By Barry Sparks, Feb. 2012 Issue of BCM
When PBA Hall of Famer Don Carter died on Thursday, Jan. 5, his accomplishments were well documented by the media: one of the founders of the PBA, six-time Bowler of the Year, first bowler to win every major tournament in his era, first athlete to sign a million dollar promotional contract and 11th ranked bowler in the “50 Greatest Players in PBA History” poll conducted in 2009.
Of course, that’s just the tip of the iceberg when it comes to Carter’s achievements. His list of achievements is longer than the weekly grocery shopping list for a family of five.
One record that Carter holds, however, went unmentioned. His name appeared on more bowling centers than any other PBA player in history. Carter was an entrepreneur, and at one time during the 1980s, there were 13 Don Carter bowling centers spread across Texas, Louisiana and Florida.
Today, however, the only center to carry the name of one of the greatest bowlers ever is Don Carter Lanes in Rockford, Ill. It also was the first center to use Don Carter’s name. The 42-lane facility was built in 1959 and is thriving today under the same name.
Proprietor John Sommer says his father, John “Bob” Sommer Sr., and Ira Bell, a Budweiser distributor, were original partners in the center. They named the center after Carter, who held a small percentage of ownership in the center. It was a testament to his superstar status and name recognition. Carter was frequently seen on television, competing on the PBA Tour and shows like “Jackpot Bowling” and “Make That Spare.” He inspired millions of bowlers.
“Don was my idol when I was growing up,” says Sommer. “I worked at the center as a kid and I would see him occasionally, but he wasn’t a very active owner.”
Sommer says Carter brought the famous Budweiser team to the center several times. Of course, it generated lots of media attention and buzz among league bowlers. It was akin to Mickey Mantle bringing the New York Yankees to town.
“We take a lot of pride in being the original Don Carter Lanes,” offers Sommer, who explains that the center was never part of the Don Carter chain of bowling centers. “I know many younger bowlers don’t know who Don Carter was, but his name has great recognition among older bowlers. His name is going to be around for a long time because I’m never planning to change the name of the center. It’s always going to be Don Carter Lanes.”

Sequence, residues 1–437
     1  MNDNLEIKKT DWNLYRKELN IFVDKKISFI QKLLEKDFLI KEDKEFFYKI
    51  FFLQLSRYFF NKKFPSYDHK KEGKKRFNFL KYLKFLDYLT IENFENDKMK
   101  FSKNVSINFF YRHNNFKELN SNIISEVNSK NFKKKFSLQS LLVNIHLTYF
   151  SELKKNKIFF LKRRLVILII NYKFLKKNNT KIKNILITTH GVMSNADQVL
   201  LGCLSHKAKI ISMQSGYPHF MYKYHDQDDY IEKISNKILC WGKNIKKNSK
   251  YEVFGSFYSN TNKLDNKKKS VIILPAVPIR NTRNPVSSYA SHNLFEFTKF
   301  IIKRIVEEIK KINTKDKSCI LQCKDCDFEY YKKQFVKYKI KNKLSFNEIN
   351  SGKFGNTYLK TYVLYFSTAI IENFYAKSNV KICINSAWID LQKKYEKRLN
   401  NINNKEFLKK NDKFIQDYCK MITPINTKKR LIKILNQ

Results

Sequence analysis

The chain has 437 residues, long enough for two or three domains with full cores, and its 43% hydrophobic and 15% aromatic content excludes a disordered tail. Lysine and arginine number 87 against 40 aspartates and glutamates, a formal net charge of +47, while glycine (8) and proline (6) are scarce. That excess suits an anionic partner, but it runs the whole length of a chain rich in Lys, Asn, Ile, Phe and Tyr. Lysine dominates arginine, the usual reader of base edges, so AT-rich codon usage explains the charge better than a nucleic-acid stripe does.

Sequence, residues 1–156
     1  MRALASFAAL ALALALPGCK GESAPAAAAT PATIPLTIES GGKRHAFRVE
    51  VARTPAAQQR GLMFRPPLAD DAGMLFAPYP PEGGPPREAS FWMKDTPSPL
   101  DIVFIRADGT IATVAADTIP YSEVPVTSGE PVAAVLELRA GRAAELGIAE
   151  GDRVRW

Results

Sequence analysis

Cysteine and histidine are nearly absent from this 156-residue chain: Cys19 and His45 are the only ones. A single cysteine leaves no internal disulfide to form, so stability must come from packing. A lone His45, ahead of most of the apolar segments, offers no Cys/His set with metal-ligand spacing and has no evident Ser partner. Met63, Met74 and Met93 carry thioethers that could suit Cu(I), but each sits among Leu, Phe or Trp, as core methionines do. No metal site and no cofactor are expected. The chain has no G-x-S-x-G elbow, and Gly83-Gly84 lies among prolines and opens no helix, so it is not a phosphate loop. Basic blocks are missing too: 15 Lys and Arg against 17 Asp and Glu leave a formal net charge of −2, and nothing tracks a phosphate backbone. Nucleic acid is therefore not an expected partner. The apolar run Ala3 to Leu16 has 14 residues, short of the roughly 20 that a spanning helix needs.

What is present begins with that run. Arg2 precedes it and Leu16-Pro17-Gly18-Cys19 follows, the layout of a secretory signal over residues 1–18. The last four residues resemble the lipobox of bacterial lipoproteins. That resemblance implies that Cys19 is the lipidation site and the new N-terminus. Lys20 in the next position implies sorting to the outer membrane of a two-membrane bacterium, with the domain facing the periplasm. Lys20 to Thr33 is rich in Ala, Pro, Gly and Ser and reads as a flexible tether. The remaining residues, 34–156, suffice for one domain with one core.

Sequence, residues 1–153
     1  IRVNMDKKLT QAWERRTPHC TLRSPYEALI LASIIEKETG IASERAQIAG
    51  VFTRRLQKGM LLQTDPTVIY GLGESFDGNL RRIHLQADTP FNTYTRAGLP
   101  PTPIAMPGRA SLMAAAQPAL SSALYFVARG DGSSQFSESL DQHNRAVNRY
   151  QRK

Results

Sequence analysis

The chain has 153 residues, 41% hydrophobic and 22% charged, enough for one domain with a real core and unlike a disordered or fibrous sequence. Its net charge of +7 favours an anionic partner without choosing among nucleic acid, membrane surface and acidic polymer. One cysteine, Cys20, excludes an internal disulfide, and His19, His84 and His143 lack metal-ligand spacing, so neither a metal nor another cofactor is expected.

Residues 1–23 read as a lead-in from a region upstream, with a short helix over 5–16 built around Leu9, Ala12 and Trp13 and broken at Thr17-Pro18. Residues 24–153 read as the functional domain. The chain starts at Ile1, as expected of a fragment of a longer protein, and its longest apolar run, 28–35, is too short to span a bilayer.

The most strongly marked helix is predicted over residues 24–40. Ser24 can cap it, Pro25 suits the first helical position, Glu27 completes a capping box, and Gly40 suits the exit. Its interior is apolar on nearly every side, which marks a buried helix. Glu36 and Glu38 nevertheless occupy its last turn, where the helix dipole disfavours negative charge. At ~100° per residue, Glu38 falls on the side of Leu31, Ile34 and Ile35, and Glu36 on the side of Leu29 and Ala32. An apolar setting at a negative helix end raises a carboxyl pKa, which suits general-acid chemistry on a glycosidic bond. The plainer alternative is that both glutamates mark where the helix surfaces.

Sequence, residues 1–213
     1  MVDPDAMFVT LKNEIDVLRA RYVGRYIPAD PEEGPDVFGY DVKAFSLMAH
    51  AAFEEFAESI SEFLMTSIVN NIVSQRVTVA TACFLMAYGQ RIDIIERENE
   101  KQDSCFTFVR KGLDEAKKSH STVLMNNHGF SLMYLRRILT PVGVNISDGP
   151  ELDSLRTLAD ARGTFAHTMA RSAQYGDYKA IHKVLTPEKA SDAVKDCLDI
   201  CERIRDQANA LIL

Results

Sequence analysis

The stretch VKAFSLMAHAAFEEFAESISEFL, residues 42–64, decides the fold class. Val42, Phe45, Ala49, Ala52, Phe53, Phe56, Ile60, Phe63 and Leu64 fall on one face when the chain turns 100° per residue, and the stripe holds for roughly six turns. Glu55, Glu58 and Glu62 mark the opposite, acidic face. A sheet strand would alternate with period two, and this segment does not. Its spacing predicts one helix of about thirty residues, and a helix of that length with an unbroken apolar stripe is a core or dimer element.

Sommer chuckles that customers unfamiliar with PBA history often assume that he’s Don Carter since he’s the owner.
Sommer says Carter was always friendly and he marveled at his ability to recall names. “He always remembered you,” he adds. “At trade shows, it seemed as if he called everyone by name. He really liked people.”
John “Junior” Powell, who was an investor and partner in several Toledo-area bowling centers, partnered with Carter on a number of centers nationwide. Many of them were called Don Carter All-Star Lanes.
The popular Carter, who retired from PBA competition in 1972 due to bad knees, was probably most closely associated with Don Carter’s Kendall Lanes in Kendall, Fla. With 72 lanes, the center was one of the largest on the East Coast. The center also featured a bar, grill, billiard tables, video games and a fun, entertaining atmosphere. Every bowler received a free pair of socks with rental shoes.
Unfortunately, the center closed in 2006, a victim of South Florida’s booming population, rapidly increasing land values and shortage of viable space for new business or business expansion.
“Paula and I really miss Kendall Lanes because we practically lived there for 30 years,” Carter told Dick Evans, bowling columnist for the Miami Herald, at the time. “We would hang there a lot because it was close to our home. We had a lot of close friends and miss seeing them all the time.”
Woolbright Development purchased the site occupied by Don Carter’s Kendall Lanes with plans to develop a 67,000-square-foot shopping center that included Staples, Walgreen’s, Citibank, Starbucks, Panera Bread and other stores.
Evans lamented the fact that the closing of Don Carter’s Kendall Lanes and Cloverleaf Lanes in 2006 left Miami, a city of two million residents, with only three bowling centers.
Joe Schumacker, president of BPAA at the time, said “The way land values have exploded, it has become a big, big problem for owners of bowling centers to refuse lucrative offers.” It was speculated that developers offered $10 million to $12 million for land the Don Carter chain owned at the time.
As a PBA competitor, Carter was quiet and unassuming. He exhibited the same characteristics as a proprietor, preferring to leave the day-to-day operation and details to others.
The Don Carter name is never expected to lose its luster. The PBA Senior Don Carter Open will be held April 17-21 at Carter Family Bowl, Winter Garden, Florida. Carter was the first bowler to have a PBA tournament named in his honor.
Storm Products, Inc., planned to debut a new Don Carter signature ball soon, according to his son, Jimmy.
Like other superstars — Muhammad Ali, Wilt Chamberlain, Ted Williams, Joe Namath and Jesse Owens — Don Carter’s name will always evoke memories of greatness.